Munich shooting gunman motivated by far-right terrorism, reports reveal

DAILY SABAH WITH WIRES
ISTANBUL
Published 04.10.2017 19:38
Heavily armed police forces operate at Karlsplatz square after a shooting in the Olympia shopping center was reported in Munich, southern Germany, July 22, 2016.
Heavily armed police forces operate at Karlsplatz square after a shooting in the Olympia shopping center was reported in Munich, southern Germany, July 22, 2016.

Contrary to police findings, experts have concluded that the shooter in an attack in Munich who killed nine people with immigrant backgrounds was motivated by far-right ideology in an example of the far-right threat in Germany

David Sonboly, 18, who killed nine people at a Munich shopping center last year, was motivated by extremist right-wing political ideology and anti-immigrant sentiment, investigators revealed Tuesday.

Contrary to police findings, investigators believed that the motivation of the attacker was disregarded and underestimated, according to the German public broadcaster Deutsche Welle (DW).

German Police had concluded that Sonboly was a deranged lone gunman obsessed with mass killings who drew no inspiration from Islamic militancy.

However, it is now believed that the gunman was obsessed with far-right extremist Anders Behring Breivik, whose massacre of 77 people in Norway came exactly five years before his own shooting rampage.

Earlier in August, a 32-year-old German man admitted in court that he sold the weapon used by the teenager, a court spokesman said, adding that the defendant told relatives he felt sorry for his actions.

The Munich Public Prosecutor's Office has charged the accused, identified only as Philipp K., as is customary in German law, with selling weapons illegally and nine counts of negligent homicide as well as five counts of negligently causing grievous bodily harm.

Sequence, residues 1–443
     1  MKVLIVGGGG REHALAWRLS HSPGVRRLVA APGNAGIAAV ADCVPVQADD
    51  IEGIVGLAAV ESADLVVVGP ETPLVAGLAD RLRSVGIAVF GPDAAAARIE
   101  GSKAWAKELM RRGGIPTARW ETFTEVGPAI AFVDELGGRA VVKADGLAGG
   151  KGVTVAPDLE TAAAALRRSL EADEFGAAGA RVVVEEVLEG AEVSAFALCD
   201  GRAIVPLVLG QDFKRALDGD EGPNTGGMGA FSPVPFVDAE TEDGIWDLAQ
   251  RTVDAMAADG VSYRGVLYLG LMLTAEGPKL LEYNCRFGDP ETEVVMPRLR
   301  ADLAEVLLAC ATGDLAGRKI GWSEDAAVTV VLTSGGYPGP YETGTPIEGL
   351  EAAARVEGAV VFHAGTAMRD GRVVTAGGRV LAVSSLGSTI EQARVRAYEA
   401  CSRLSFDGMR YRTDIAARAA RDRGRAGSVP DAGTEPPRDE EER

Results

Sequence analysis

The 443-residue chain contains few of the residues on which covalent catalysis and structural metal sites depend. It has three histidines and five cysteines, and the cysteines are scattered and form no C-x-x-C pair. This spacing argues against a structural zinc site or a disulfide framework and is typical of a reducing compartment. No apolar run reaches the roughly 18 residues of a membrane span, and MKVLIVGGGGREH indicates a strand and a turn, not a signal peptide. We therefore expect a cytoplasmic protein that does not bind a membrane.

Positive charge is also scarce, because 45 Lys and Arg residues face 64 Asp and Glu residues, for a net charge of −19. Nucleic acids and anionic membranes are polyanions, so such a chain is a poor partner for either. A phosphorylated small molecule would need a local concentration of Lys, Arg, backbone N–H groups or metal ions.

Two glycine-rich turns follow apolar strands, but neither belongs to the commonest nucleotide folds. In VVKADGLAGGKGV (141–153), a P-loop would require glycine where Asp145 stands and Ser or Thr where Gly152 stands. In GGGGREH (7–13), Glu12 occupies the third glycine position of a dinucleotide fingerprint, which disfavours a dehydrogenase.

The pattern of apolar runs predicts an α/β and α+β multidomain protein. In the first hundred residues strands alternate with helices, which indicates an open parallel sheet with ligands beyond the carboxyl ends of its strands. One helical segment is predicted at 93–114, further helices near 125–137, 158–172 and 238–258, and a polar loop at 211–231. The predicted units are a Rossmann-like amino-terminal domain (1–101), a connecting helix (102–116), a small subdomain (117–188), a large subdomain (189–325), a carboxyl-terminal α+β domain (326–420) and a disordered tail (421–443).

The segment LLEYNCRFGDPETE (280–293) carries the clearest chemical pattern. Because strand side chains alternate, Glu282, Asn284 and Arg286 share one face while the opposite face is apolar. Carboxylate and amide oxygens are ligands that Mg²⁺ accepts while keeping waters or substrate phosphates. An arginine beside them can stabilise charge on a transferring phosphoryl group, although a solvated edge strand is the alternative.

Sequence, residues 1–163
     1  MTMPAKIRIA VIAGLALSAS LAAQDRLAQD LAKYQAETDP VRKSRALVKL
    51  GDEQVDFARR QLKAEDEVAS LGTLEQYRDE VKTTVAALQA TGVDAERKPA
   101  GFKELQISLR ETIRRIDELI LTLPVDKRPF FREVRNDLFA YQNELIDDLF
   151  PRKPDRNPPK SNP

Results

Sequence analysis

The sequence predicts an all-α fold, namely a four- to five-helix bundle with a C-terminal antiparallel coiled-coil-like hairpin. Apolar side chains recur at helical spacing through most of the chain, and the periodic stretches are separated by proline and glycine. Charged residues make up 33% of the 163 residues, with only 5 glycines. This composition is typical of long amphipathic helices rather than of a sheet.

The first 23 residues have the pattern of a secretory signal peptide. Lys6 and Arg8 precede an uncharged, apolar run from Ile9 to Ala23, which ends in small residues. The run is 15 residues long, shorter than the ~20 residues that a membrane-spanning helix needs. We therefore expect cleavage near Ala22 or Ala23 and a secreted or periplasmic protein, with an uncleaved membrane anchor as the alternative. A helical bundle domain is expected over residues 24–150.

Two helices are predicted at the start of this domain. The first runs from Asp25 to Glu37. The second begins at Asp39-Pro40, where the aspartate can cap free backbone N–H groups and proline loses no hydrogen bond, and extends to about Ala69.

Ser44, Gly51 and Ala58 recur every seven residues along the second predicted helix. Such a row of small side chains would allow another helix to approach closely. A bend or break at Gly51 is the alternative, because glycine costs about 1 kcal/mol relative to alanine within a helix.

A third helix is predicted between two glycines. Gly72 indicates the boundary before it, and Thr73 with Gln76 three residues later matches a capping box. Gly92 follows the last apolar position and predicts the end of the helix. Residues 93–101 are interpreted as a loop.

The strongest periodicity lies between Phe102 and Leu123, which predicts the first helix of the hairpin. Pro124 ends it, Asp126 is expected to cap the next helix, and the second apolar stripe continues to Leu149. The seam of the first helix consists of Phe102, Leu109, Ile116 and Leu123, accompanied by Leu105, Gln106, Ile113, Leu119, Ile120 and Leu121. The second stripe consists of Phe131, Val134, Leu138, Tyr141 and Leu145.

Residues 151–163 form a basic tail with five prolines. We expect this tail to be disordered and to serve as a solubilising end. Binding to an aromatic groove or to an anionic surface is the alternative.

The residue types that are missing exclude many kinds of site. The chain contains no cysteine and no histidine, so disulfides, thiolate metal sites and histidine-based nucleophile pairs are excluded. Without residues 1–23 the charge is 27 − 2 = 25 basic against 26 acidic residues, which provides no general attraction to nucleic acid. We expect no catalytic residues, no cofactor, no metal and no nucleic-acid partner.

"A written statement was read, acknowledging that the accused had traded with weapons. The defendant expressed his regret that one of these firearms was used in the rampage here in Munich," court spokesman Florian Gliwitzky said.

"He offered his apologies to the relatives and with this, he also expressed that he was regretting his actions."

A spokeswoman for the public prosecutor said the suspect so far only had admitted to the charge of selling weapons illegally. She added that evidence revealed during the hearing showed that the suspect had far-right attitudes.

Authorities around Europe are concerned that secretive marketplaces make it too easy for criminals and militants to obtain weaponry that has traditionally been highly regulated across Europe.

Far-right offenses in Germany spiked last year to their highest level since 2001, amid growing anti-refugee and migrant sentiment in the country triggered by propaganda from far-right parties.

Former Interior Minister Thomas de Maiziere warned that a tendency toward more violence was also seen among radical left and foreign groups.

The lingering divisions became evident in the German national elections on Sept. 24, in which voters dealt mainstream political parties their biggest defeats in the post-World War II era, while the far-right Alternative for Germany (AfD) won 12.6 of the vote and entered parliament for the first time.

Support for the AfD and its "take your country back" platform was particularly strong in eastern Germany, fueled by anger about Chancellor Angela Merkel's decision to open the country's doors to 1 million, mostly Muslim, migrants in 2015.

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